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Game Of Thrones: 20 Things That Don’t Add Up Beyond The Wall

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Game Of Thrones: 20 Things That Don’t Add Up Beyond The Wall

This piece is all about things that just don’t make sense on, or beyond the Wall. And there are a lot of things. I think probably more than what is listed below, but that’s beside the point. The point is, the writers of the Game of Thrones show kind of sh*t the bed when it came to season seven.

Why didn’t Jaime mention that Cersei is going to stab everyone in the back? How is Thoros the only man to freeze to death on that suicide mission? Why not just use a dragon to capture a wight? Speaking of dragons, why did the Night King not just kill Drogon who was the closer and bigger target? And how the hell did he get the chains to drag Viserion out of the lake?

There are so many glaring holes in the season (especially toward the end) that I don’t know how anyone really buys it. I know it’s a fictional story, but at least George R. R. Martin uses logic in his books. I mean, how the hell does a raven fly 164mph to deliver a message in time to get dragons to save Jon and company? It’s just ridiculous. So buckle up, and learn all about the bullsh*t that was Game of Thrones season seven.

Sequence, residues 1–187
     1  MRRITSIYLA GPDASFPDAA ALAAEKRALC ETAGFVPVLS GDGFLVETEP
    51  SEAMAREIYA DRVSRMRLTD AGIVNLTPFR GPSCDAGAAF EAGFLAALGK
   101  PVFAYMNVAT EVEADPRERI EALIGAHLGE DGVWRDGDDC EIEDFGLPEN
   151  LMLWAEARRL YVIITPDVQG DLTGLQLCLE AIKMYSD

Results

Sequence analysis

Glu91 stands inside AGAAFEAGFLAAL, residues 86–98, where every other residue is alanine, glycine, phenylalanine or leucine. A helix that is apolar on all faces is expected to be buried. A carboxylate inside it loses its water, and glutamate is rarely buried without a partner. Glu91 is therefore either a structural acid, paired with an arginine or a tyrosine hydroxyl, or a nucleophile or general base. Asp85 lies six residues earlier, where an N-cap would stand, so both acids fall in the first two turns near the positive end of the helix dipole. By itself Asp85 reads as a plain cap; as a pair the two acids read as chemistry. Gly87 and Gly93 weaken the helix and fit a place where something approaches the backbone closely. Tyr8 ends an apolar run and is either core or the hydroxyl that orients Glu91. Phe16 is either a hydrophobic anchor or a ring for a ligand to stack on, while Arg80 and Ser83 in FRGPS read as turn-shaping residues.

20. Why Not Kill Drogon First?

“Why didn’t the Night King first try to kill the dragon that Dany — and eventually the rescued members of Jon’s party — was riding? Assuming that what he really wanted was a zombified dragon, wouldn’t it make more sense to start with the biggest of the three and the easiest one to hit?” Not to mention that Drogon was sitting right there! Was the Night King just showing off? Viserion was quite a piece away. And if he had just taken out the easiest target first, he could have wasted Dany, Jon Snow, and a slew of other important fighters in one go. I know it wouldn’t work for the story, but that’s why you don’t put characters into positions that make no sense for them to get out of. The Night King seems like a smart guy…for a dead…undead guy. Why wouldn’t he take out his literally biggest threat first?

19. Why Not Use A Dragon To Capture A Wight?